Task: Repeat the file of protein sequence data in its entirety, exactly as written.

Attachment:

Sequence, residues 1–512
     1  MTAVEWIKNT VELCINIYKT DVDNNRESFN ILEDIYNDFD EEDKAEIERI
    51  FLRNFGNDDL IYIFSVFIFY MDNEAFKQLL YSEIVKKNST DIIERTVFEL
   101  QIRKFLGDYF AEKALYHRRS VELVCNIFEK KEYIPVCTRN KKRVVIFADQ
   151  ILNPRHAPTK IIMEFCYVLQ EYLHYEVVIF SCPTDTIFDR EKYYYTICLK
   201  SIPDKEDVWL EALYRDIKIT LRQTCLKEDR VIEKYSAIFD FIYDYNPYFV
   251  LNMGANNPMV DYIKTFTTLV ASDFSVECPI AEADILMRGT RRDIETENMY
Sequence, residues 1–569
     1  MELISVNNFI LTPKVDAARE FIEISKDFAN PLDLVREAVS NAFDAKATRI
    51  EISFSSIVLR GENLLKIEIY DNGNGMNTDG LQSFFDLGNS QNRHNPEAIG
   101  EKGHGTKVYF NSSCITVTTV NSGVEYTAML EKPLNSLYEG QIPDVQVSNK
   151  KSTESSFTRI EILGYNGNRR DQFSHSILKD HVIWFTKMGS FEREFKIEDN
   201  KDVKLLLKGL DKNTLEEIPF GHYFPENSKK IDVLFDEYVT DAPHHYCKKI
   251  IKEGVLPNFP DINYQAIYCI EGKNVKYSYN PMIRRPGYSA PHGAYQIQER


Sequence, residues 1–512
     1  MTAVEWIKNT VELCINIYKT DVDNNRESFN ILEDIYNDFD EEDKAEIERI
    51  FLRNFGNDDL IYIFSVFIFY MDNEAFKQLL YSEIVKKNST DIIERTVFEL
   101  QIRKFLGDYF AEKALYHRRS VELVCNIFEK KEYIPVCTRN KKRVVIFADQ
   151  ILNPRHAPTK IIMEFCYVLQ EYLHYEVVIF SCPTDTIFDR EKYYYTICLK
   201  SIPDKEDVWL EALYRDIKIT LRQTCLKEDR VIEKYSAIFD FIYDYNPYFV
   251  LNMGANNPMV DYIKTFTTLV ASDFSVECPI AEADILMRGT RRDIETENMY
Sequence, residues 1–569
     1  MELISVNNFI LTPKVDAARE FIEISKDFAN PLDLVREAVS NAFDAKATRI
    51  EISFSSIVLR GENLLKIEIY DNGNGMNTDG LQSFFDLGNS QNRHNPEAIG
   101  EKGHGTKVYF NSSCITVTTV NSGVEYTAML EKPLNSLYEG QIPDVQVSNK
   151  KSTESSFTRI EILGYNGNRR DQFSHSILKD HVIWFTKMGS FEREFKIEDN
   201  KDVKLLLKGL DKNTLEEIPF GHYFPENSKK IDVLFDEYVT DAPHHYCKKI
   251  IKEGVLPNFP DINYQAIYCI EGKNVKYSYN PMIRRPGYSA PHGAYQIQER